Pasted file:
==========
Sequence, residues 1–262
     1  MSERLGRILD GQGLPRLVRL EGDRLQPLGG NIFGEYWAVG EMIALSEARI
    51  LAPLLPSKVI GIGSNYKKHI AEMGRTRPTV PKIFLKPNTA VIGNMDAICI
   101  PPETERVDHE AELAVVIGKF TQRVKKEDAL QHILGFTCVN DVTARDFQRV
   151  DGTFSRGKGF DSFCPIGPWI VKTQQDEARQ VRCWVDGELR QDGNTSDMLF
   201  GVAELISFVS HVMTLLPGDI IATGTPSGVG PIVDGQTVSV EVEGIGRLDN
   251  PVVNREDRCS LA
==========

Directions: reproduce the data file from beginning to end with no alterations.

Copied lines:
Sequence, residues 1–262
     1  MSERLGRILD GQGLPRLVRL EGDRLQPLGG NIFGEYWAVG EMIALSEARI
    51  LAPLLPSKVI GIGSNYKKHI AEMGRTRPTV PKIFLKPNTA VIGNMDAICI
   101  PPETERVDHE AELAVVIGKF TQRVKKEDAL QHILGFTCVN DVTARDFQRV
   151  DGTFSRGKGF DSFCPIGPWI VKTQQDEARQ VRCWVDGELR QDGNTSDMLF
   201  GVAELISFVS HVMTLLPGDI IATGTPSGVG PIVDGQTVSV EVEGIGRLDN
   251  PVVNREDRCS LA